Pokora v. Wabash Railway Co. (U.S. 1934)

Procedural History: Relying on Goodman, trial court and then court of appeals upheld directed verdict for the railroad.

Facts: Pokora was driving his truck west across four railroad tracks during daylight. The closest track was a switch track and the one next to it was the main track. A string of boxcars was on the switch track 5-10 feet north of the crossing. The plaintiff heard no bell or whistle but could not see up the track. Pokora was struck by a train coming from the north at 25-30 mph.

Issue: Did Pokora use reasonable caution in going forward in reliance on the sense of hearing since he was unaided by that of sight?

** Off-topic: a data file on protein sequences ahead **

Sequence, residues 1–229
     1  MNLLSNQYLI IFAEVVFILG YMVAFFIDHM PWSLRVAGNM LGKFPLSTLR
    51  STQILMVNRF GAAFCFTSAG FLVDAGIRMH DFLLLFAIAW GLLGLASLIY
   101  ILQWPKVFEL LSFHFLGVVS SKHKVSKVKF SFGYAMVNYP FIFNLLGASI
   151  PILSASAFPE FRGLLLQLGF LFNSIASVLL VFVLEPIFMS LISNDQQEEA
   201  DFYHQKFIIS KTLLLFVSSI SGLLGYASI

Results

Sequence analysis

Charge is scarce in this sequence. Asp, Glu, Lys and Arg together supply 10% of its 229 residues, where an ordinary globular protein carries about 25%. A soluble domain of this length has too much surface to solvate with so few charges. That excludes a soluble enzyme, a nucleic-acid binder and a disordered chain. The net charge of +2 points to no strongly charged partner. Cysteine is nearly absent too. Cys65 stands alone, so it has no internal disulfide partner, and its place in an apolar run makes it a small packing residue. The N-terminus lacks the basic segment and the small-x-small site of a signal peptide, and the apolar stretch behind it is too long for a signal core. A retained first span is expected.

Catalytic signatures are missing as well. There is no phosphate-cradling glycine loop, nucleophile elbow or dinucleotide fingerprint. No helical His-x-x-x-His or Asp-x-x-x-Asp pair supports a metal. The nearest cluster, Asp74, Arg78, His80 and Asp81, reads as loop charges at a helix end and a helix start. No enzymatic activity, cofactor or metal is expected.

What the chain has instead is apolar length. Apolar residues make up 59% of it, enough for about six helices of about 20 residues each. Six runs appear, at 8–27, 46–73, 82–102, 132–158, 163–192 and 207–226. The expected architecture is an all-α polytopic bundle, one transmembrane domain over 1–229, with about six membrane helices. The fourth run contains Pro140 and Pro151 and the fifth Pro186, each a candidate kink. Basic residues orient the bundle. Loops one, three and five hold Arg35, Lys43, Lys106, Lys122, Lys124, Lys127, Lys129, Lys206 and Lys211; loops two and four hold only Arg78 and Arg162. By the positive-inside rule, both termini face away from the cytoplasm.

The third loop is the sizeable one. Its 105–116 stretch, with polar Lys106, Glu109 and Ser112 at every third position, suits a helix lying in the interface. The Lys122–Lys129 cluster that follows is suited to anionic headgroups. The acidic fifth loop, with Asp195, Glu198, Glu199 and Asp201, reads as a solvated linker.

Rules: One has a duty to look along the track from his seat, if looking would avail to warn of danger ahead.

Application: Because in Goodman, the court suggests a prudent person get out of a vehicle to inspect for an oncoming train, this court rejects this because this action is not commonplace, is likely to be futile, and could even be dangerous. The court also considers that while looking in one direction, a train may be approaching from the other.

Holding: This court holds that the precedent of Goodman should be limited and so the judgment for a directed verdict should be reversed and the cause remanded.

Pokora could not have seen the train and so it should go to a jury whether he was negligent.

If you could and did not, THEN it is definitely negligent. You must use your senses as the average person would.

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